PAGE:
Crown Street Women's Hospital: A History 1893-1983

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Allen & Unwin, Jan 1, 2017 - Medical - 400 pages
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Crown Street Women's Hospital was the largest maternity hospital in Australia. Situated in the heart of Surry Hills, it was the hospital where the poorest women in Sydney went to have their babies.

Founded in 1893, it took in young women with nowhere else to go, and it had a long history of caring for Aboriginal women and babies, and later also immigrant women. In its final years, 'Crown Street' as it was affectionately known, made a name for itself treating drug-addicted pregnant women. Known from its early years as an innovative institution, some of Australia's leading obstetricians, nurses were proud to work there, and it was the home of many innovations in women's health such as Australia's first alternative birth centre. When the decision was made to close it down, there was a public uproar and demonstrations in the streets.

The history of Crown Street is the history of Sydney's underbelly. From grief over forced adoptions, the steady stream of botched abortions, to the stories of women and babies restored to health, and of the staff and army of volunteers, we see the powerful role this single institution played in the lives of many women across the city.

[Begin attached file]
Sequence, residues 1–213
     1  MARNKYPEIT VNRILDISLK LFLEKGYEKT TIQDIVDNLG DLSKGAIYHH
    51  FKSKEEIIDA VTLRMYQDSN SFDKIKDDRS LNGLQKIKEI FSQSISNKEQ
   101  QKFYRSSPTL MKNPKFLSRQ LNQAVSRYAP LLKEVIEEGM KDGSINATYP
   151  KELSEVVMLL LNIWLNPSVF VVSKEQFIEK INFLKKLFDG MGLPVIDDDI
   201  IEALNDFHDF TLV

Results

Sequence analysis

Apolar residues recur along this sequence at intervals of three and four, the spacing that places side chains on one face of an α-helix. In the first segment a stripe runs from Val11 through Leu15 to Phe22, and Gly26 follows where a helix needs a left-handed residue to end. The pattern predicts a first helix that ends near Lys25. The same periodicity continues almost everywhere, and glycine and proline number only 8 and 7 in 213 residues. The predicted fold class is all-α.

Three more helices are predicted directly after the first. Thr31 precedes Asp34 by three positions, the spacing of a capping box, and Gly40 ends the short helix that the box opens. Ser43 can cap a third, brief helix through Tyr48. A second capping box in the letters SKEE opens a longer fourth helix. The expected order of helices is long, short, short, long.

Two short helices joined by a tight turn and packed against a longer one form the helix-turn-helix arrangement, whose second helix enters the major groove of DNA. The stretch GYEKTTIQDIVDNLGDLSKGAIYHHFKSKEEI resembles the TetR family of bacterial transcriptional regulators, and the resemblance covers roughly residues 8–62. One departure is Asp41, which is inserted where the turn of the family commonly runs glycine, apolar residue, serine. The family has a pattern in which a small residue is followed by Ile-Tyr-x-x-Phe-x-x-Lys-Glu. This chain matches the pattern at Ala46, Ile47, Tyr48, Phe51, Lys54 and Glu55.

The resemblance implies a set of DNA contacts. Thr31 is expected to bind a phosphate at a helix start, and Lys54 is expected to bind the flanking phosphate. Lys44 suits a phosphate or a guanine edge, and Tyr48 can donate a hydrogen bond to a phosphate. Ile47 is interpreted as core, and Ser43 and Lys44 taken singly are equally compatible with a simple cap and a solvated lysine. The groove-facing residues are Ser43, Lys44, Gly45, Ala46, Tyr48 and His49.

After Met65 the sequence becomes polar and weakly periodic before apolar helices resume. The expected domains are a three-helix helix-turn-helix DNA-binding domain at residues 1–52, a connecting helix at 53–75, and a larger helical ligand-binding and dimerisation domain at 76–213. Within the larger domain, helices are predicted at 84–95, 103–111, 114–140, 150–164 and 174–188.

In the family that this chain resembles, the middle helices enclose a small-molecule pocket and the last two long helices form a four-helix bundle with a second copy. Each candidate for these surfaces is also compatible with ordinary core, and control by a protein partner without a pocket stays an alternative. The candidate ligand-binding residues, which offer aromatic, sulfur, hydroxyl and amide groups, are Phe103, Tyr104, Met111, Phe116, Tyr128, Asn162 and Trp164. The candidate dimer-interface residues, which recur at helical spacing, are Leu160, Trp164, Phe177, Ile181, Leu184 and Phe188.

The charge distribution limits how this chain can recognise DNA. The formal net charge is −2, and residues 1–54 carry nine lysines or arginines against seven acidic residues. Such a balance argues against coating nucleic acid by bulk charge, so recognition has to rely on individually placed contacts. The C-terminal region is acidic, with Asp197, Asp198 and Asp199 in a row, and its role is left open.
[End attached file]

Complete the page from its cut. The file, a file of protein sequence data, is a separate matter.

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About the author (2017)

Judith Godden is a freelance historian specialising in the history of healthcare. She is a former academic at the University of Sydney and an Honorary Associate in its Department of History. Her previous books are: Lucy Osburn, a lady displaced; Australia's Controversial Matron; Australian Pain Society; and (with Carol Helmstadter) Nursing before Nightingale. She is an Honorary Fellow of the Australian College of Nursing and active in numerous historical organisations.

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